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That's True of Everybody

That's True of Everybody

by Mark Winegardner

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The proprietor of a bowling alley whose artist daughter paints only phalluses. A ninth-grade girl who marries in haste only to be faced with her husband's impotence. A libidinous poet who learns the meaning of harassment. The life and loves of a professional lawn-mower. These are just a few of the distinctive stories that make up Mark Winegardner's remarkable


The proprietor of a bowling alley whose artist daughter paints only phalluses. A ninth-grade girl who marries in haste only to be faced with her husband's impotence. A libidinous poet who learns the meaning of harassment. The life and loves of a professional lawn-mower. These are just a few of the distinctive stories that make up Mark Winegardner's remarkable debut short-story collection.
Winegardner, whose rich and epic novel Crooked River Burning gave the much-maligned city of Cleveland a fresh and vibrant aspect, now returns to the Midwest that he knows so intimately and casts a piercingly compassionate eye on its denizens. The result is a kaleidoscopic picture of a people who are arrogant and humble, faithful and disloyal, driven and floundering-a people who are finally, America itself.

Editorial Reviews

From the Publisher

"Manages to find humor and moments of hope amid the chaos."
-The Washington Post Book World
"These stories have a ring of truth, as if Winegardner were not inventing their dramas but dredging them up from someplace deep inside him."-Chicago Tribune
"The stories might be grand in scope, but it is attention to nuances of settings, plot and character that ultimately makes the difference in Winegardner's fiction."-The Plain Dealer (Cleveland)

Publishers Weekly
Laced with acid wit and withering realism, the 13 stories collected here describe lives of aimlessness and muted disaster in the Midwest. In a section called "Tales of Academic Lunacy: 1991-2001," Winegardner (Crooked River Burning; The Veracruz Blues) satirizes bureaucratic hijinks at a small college with great humor but only middling originality. In "Keegan's Load," a poet who has self-published all his poems receives an endowed chair and a cushy course load; in "The Visiting Poet," a teacher who seduces bohemian female students is exposed but ultimately given tenure and a significant pay raise. Elsewhere, individuals wander from psychological trough to trough without ever collapsing completely, sometimes even achieving triumphs. The burned-out radio sportscaster who narrates "Halftime" leads a life so unsatisfactory that he can't even keep himself awake at the wheel of his car although his drowsiness is partially a medical condition, its metaphorical aspect looms over the story like a hungry python. In "Rain Itself," a gigantic young teenager working as a landscaper bests a bullying co-worker in a perverse game of "chicken" played out on a bridge over a railroad track a small victory in a simple life. In "Travelers Advisory," a maladjusted young woman goes to a job interview in a blizzard instead of attending her father's memorial service, atoning by leaving messages on her father's answering machine. The homey, relaxed voice telling the stories is one you've probably heard before while it is readable, it becomes rather monotonous. These lyrical, down-to-earth tales of loss and emptiness in the heartland could probably have reached farther but then again, so could their characters. (July) Copyright 2002 Cahners Business Information.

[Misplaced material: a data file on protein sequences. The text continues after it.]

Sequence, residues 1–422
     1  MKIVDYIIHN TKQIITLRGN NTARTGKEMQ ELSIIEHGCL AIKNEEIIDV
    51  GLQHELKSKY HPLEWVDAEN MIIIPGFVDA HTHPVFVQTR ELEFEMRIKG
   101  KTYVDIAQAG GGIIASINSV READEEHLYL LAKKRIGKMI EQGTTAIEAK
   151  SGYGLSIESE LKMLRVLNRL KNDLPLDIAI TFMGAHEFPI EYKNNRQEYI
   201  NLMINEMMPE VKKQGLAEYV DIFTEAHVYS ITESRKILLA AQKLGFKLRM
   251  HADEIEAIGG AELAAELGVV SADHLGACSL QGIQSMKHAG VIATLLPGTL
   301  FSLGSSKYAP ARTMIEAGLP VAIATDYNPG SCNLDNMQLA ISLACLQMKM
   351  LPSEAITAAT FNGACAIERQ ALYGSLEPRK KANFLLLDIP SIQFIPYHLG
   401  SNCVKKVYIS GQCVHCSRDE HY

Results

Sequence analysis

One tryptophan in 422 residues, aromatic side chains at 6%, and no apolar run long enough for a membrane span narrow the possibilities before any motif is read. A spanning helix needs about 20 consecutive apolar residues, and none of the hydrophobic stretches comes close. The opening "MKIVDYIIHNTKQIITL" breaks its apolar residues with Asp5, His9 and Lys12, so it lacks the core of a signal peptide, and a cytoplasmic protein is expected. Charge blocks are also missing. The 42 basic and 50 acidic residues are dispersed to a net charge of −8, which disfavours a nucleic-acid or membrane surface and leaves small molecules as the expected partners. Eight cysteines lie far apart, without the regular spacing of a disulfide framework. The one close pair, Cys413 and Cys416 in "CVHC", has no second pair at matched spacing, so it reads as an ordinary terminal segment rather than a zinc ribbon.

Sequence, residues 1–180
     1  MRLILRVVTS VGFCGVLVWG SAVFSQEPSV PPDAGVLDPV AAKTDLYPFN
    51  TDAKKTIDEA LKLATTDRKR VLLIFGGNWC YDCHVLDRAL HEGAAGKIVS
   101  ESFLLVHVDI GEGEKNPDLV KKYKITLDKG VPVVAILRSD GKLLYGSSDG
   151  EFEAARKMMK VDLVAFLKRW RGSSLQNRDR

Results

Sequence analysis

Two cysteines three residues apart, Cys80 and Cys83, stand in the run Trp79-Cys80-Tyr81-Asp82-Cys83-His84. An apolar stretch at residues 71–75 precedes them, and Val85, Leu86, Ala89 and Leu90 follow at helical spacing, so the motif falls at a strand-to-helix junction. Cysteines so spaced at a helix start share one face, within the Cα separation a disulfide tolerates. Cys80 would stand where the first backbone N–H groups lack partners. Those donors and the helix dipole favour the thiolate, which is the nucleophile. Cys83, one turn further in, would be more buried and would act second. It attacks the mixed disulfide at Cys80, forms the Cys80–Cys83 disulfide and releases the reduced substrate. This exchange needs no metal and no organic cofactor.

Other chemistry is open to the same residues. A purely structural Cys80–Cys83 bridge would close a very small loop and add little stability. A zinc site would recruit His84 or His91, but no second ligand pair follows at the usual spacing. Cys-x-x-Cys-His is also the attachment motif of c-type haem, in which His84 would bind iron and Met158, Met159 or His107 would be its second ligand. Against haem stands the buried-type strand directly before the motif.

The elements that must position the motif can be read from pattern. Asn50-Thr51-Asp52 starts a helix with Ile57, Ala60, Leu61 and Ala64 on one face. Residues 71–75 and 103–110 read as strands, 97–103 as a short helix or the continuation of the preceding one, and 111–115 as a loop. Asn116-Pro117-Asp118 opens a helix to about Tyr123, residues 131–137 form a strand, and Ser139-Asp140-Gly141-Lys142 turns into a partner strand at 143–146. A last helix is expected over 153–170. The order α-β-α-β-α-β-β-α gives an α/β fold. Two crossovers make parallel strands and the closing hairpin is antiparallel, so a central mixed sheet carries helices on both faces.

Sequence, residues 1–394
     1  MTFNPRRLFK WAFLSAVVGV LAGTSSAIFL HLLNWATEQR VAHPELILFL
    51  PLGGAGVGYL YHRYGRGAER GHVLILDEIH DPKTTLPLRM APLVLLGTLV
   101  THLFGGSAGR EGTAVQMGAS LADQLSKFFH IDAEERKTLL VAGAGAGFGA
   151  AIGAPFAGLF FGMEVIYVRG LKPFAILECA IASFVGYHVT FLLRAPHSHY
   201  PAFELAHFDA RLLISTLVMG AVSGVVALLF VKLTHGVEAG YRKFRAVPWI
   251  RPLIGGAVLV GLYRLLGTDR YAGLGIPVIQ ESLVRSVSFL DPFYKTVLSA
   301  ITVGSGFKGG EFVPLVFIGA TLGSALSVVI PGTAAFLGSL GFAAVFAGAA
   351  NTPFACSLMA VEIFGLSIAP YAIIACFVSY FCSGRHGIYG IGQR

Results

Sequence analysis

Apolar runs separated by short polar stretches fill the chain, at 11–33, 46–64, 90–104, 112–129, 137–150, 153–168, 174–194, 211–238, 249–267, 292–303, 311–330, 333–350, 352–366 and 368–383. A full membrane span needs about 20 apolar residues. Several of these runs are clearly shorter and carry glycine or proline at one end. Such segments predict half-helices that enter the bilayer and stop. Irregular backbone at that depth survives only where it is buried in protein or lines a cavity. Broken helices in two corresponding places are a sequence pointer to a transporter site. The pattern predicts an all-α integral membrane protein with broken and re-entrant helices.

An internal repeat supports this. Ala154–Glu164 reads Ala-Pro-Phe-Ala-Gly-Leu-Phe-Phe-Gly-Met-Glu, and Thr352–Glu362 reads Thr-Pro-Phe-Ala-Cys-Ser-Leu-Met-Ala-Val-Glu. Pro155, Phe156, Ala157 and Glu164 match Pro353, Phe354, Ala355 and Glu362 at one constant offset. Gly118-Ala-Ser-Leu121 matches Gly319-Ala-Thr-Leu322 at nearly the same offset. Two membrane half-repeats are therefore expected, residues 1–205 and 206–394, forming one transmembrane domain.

Library Journal
Winegardner follows up his successful Crooked River Burning with a collection of stories set mostly in the Midwest and featuring working-class men and women, with a few college professors thrown in for good measure. Thus, we meet folks like Harry Kreevich, who owns a bowling alley and has been abandoned by both his wife and his new lane girl even as his artist daughter paints phalluses because she considers her former work too austere. Another tale features a nameless ninth grader who gets married only to discover that her newly minted husband is impotent. There is a trio of stories about some academics, including a randy poet whose lover teaches him some lessons about harassment. An account of the Valentine Theatre, the most successful drive-in in the state of Ohio, is a look at our not-so-recent past and the innocent pleasures therein. Often written in the first person, which adds to their intimacy, these stories are touching vignettes of everyday people trying to live their lives while coping with divorce, heartache, and depression the usual detritus of life that gets in the way of true happiness. Here, Winegardner ably captures America through tales of its ordinary citizens. Recommended for all public libraries. [Previewed in Prepub Alert, LJ 3/1/02.] Robin Nesbitt, Columbus Metropolitan Lib., OH Copyright 2002 Cahners Business Information.
Kirkus Reviews
From novelist Winegardner (Crooked River Burning, 2001, etc.), a debut collection of 13 stories, mostly set in Cleveland or the rural Midwest. There's a gritty realism to Winegardner's tales that never lets them sink into the airy pointlessness of so much contemporary academic fiction, partly because his characters tend to be blue-collar midwesterners rather than eastern intellectuals. Harry Kreevich, in "Thirty-Year-Old Women Do Not Always Come Home," is a Croatian-American from Cleveland who runs a bowling alley and becomes concerned when one of his lane girls disappears mysteriously. The nameless heroine of "Song for a Certain Girl," on the other hand, is a country-bumpkin Baptist from backwoods Ohio who is so innocent that she doesn't know how to consummate her marriage. There are some smarty-pants types too, of course, but Winegardner doesn't let us take them too seriously. Murtaugh, the philandering professor in "The Visiting Poet," is an oaf, pure and simple-a has-been writer whose life revolves around seducing his students-until a jilted colleague blows the whistle on him to the sexual-harassment board. In "The Untenured Lecturer," we meet Phil Workman, another campus hack, who is more of a sad sack than a buffoon ("There was once an earnest man who, in his late thirties, had a heart attack, remarried, bought a high-end personal computer, left his job as a statehouse reporter, and, despite a lack of talent, was admitted to a creative-writing program at a big concrete university in one of the rectangular states, where he wrote the longest master's thesis in school history"). The real virtue here is that Winegardner is able to portray an ordinary but intriguing world that's rarelythe subject of literary fiction-as in "Last Love Song at the Valentine," which sketches an entire generation in the life of a small town by following the history of its one drive-in theater. A short string of gems in a beautifully constructed and well-ordered collection.